IBM was booming at this stage, and, as site General Manager, Barry had more than enough on his plate. As the largest manufacturer of electronic goods in the country ( with a turnover of $600 million – $400 million of that exported ), the company was an intrinsic part of the local economy.
It was mind-boggling to imagine the consequences should they happen to depart. But alas, IBM signalled their intention to wind down their Wangaratta operations in 1998.
Along with two U.S partners, Barry initiated the purchase of the plant and they started up Bluegum Technology in its place. He was installed as General Manager.
“Talk about pressure in football……..That was pressure !” he jokes.
“My mind was racing so much, I’d get up at 3am and hit the streets of Wangaratta. It was the only way I could relieve the stress. At least it helped get me fit…..I ran the Melbourne Marathon in late 1998.”
He was invited to partake in Victorian Premier Steve Bracks’ ‘Breakfast Club’ – a ‘Think-Tank’ of 20 of the state’s leading industry and business figures. The list included identities such as Lindsay Fox, Joe Gutnick, Ted Kunkel and Solomon Lew. “Gee, I was way out of my depth there,” he says.
After operating successfully for some time, the consortium received an offer, and sold Bluegum to Selectron, a global electronics company.
He had a break for a while, to re-charge the batteries, but admits he started looking for another challenge. “I’m driven….I need routine.”
So he joined ADI ( now Thales ), as explosives manager, before eventually becoming General Manager, in charge of more than 1,000 staff throughout Australia.
Some time ago, Sully decided it was time to assume more control of his life and retreat from the rigours of the corporate world. He now operates his own business advisory company. It means he’s still in demand, but can work at his own pace (which is flat-chat).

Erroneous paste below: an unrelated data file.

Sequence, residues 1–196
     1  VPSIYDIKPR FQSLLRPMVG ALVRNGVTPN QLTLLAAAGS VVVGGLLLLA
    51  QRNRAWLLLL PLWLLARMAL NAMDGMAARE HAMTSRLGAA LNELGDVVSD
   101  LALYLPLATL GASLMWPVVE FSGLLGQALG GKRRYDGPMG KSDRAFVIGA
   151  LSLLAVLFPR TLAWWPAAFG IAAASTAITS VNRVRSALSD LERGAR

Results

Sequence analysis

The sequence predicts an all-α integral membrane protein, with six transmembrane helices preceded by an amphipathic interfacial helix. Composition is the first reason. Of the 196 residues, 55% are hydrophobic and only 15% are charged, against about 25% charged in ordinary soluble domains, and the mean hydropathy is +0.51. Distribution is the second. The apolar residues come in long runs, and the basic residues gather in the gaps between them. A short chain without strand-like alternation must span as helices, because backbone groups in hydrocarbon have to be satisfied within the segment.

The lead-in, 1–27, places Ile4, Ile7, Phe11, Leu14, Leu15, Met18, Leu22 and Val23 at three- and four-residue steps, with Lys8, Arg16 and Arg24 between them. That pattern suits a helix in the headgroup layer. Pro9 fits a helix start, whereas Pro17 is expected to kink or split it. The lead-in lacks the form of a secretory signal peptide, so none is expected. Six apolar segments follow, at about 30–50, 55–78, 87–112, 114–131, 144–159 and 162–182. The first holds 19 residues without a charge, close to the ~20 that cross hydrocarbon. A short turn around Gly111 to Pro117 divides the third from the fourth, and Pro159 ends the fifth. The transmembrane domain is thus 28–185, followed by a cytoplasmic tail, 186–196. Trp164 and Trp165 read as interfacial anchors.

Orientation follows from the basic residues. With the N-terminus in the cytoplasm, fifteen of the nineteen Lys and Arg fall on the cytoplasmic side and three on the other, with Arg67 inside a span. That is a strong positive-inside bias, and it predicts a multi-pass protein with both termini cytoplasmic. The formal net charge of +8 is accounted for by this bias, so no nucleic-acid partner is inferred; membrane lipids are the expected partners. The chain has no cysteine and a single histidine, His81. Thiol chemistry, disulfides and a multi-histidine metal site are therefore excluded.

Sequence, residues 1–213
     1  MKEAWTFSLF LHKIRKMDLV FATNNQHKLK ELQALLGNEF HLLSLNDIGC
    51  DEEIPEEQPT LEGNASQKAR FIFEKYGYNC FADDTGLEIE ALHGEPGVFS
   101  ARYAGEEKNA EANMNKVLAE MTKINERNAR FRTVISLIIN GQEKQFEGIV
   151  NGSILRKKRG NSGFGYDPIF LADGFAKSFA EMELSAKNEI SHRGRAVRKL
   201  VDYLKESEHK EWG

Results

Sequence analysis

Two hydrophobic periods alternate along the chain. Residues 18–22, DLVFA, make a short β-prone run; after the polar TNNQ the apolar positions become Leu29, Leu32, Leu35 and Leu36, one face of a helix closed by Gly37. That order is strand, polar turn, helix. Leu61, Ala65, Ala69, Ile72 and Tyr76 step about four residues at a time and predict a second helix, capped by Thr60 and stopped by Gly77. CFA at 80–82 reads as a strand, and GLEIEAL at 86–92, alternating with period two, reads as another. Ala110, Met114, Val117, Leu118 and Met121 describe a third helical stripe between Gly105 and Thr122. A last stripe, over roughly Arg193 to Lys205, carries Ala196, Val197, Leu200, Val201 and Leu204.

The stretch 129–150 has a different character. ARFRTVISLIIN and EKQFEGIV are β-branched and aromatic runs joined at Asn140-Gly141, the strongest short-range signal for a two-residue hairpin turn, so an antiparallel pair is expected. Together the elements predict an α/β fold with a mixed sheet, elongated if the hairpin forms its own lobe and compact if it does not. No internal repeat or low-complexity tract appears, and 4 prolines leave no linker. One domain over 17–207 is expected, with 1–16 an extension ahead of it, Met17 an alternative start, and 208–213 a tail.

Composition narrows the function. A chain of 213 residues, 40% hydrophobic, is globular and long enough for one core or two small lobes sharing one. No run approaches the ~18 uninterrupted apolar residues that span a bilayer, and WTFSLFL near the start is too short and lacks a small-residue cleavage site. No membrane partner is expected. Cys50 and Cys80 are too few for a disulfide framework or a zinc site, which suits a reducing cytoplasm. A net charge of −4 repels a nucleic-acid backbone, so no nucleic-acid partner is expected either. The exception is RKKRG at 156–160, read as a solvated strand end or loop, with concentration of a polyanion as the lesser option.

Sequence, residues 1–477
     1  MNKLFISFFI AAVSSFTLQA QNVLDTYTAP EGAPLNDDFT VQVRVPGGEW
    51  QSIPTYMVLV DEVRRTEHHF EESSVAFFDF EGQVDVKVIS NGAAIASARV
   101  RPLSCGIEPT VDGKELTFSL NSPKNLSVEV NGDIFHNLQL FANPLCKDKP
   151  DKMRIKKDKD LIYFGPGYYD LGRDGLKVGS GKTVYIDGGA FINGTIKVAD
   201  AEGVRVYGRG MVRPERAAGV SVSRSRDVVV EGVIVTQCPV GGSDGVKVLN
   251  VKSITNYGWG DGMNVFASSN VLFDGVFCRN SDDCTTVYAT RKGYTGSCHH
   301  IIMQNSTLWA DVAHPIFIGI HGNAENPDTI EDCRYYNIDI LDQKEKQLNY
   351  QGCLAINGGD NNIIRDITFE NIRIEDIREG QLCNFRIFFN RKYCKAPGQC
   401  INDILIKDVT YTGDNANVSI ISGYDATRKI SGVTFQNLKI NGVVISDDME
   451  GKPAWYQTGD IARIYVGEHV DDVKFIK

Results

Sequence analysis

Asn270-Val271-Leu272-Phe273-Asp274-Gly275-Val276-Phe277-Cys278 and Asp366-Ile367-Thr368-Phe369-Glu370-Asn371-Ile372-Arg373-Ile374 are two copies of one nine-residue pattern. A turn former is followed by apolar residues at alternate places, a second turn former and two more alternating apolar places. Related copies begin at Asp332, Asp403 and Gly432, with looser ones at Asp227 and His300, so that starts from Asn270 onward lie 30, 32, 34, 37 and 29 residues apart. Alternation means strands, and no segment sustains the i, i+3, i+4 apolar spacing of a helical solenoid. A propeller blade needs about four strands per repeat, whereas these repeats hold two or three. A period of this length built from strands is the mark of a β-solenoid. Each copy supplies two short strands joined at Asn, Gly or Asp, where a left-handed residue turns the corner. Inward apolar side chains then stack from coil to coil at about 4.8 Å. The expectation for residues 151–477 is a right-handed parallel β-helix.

It also allows him more time to devote to the things about which he’s passionate – family, tennis, fishing and footy.
He’s a Country Week tennis stalwart of more than twenty years, and his wife Maree is a triple Club singles champ. Zach ( now 20) has also inherited a love of the game.
Sully took the opportunity to merge his sporting and business acumen when he was enjoying a fishing trip on the stunning Gulf of Carpentaria coastline with a friend, ‘Bomber’ Farrell.
‘Bomber’ met Geelong champ Patrick Dangerfield, who was involved in a footy clinic at Groote Eylandt at the time, and indicated that he was keen to ‘dangle a line’.
“ He took Pat and his dad out for a fish and mentioned that we were interested in doing a fishing show. ‘Danger’ was keen on the idea. It took a while, but we eventually got around to creating a company called ‘Athletes of the Sea’ and started filming. The objective was to have a bit of fun and enjoy each other’s company, as well as showcasing Groot Eylandt.”
“Earlier this year, Channel 7 broadcast four episodes of ‘The Last Cast’. It rated well. Another offshoot is that ‘Danger’ and Aaron Hobgood are now conducting a fishing show on SEN radio. We’re also introducing a fishing apparel line which will be out later this year.”
After his playing days wound down, Sully remained firmly entrenched in the Rovers camp. His succession of roles have included stints as Runner, Board Member, Football Director and Vice-President.
He’s now heavily involved in recruiting and is well aware of the monumental challenge facing he – and others – to help drag the Hawks from their unaccustomed position at the foot of the O & M ladder.
There couldn’t be a better man for the job………